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Job Shadowing

Job shadowing offers a "quick view" into the world of work, where students get to observe first-hand about their career of choice. Job shadowing could be considered an expanded form of an informational interview. Where an informational interview will typically last about one hour, job shadowing can be anywhere from a few hours, to a day, to a week, depending on what can be mutually agreed upon by the person you are observing.

If you are interested in job shadowing, check with your department to see if any shadowing networks have been set up or contact your Career Center liaison.

Setting Up a Job Shadowing Experience

  • The beauty of job shadowing is you can shadow a friend of the family or really step out and contact someone new.
  • Select someone with the same type of job you aspire to have or one you would like to learn more about.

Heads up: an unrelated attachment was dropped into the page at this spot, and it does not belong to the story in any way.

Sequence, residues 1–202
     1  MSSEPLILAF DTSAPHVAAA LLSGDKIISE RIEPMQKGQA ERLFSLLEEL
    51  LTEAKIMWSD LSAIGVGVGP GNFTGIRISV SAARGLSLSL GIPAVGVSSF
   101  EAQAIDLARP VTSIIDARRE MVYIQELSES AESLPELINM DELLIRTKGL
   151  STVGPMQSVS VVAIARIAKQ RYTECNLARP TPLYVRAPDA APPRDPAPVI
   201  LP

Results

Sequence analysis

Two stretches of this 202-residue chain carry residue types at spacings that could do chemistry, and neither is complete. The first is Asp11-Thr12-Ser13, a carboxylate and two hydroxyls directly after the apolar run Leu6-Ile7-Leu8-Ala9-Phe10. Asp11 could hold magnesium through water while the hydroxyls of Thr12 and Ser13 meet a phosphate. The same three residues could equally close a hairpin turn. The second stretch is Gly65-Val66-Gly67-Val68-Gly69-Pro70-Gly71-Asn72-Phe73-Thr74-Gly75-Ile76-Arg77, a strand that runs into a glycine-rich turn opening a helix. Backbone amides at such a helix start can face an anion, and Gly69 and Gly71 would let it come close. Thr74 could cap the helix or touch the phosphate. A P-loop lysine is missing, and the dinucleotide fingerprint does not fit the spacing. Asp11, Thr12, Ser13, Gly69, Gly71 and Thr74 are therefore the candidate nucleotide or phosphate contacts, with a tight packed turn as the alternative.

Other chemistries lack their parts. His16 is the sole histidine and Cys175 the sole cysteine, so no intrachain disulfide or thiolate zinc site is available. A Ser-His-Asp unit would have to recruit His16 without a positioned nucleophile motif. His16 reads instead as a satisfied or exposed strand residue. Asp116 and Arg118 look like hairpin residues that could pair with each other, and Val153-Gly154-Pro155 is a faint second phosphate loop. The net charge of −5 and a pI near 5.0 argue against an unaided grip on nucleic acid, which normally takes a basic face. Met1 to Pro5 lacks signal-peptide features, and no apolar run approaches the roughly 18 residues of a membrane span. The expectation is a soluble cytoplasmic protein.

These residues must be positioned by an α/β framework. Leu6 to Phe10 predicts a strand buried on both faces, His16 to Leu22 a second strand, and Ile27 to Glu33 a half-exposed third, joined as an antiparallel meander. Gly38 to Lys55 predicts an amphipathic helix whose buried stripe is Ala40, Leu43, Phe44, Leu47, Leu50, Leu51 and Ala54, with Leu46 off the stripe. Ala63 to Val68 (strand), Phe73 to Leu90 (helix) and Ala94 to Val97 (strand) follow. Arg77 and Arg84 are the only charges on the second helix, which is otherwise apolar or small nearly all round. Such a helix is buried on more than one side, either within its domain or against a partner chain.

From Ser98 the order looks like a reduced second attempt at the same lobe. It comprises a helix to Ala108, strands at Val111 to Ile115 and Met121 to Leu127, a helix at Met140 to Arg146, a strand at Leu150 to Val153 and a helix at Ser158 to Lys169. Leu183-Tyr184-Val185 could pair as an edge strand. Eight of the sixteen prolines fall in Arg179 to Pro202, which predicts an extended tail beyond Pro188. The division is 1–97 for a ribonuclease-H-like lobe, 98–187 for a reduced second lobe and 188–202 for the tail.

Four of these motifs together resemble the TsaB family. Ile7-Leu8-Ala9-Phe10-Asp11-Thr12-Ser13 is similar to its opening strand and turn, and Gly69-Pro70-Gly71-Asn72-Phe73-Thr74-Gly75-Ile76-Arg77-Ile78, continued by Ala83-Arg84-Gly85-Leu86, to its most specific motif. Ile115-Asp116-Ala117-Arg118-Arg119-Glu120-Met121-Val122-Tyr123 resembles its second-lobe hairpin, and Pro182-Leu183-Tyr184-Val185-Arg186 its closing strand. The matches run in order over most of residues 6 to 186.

• A simple email, letter, or phone call is all you need to get the ball rolling.
  • Schedule your shadowing experience several weeks in advance.
  • Be prepared to be flexible and work into their schedule.

Doing Your Homework

  • Research the company and occupation you are shadowing. This may also give you some ideas for possible questions to ask.
  • Dress professionally. That doesn't necessarily mean a business suit, however it does mean no jeans or flip flops. This is your first make it count.
  • Arrive early. Be polite and enthusiastic. Observe everything you can from technology used in the job to the professional's workspace. What's the culture like? How do employees interact with each other? Can you see yourself working in this type of environment?


  • If you've built good rapport with the person you are shadowing, consider asking for a resume critique or interviewing tips.
  • Be sure to get a business card before you leave. Consider this person a member of your professional network and stay in touch.
  • Always send a thank you note, even if you've now decided this occupation isn't for you. The person you shadowed gave you their time and energy, plus it's just common courtesy.
  • Reflect on the experience...the good things, as well as the not-so-good. Be sure to conduct follow-up research on the occupation or search for an all-together different field.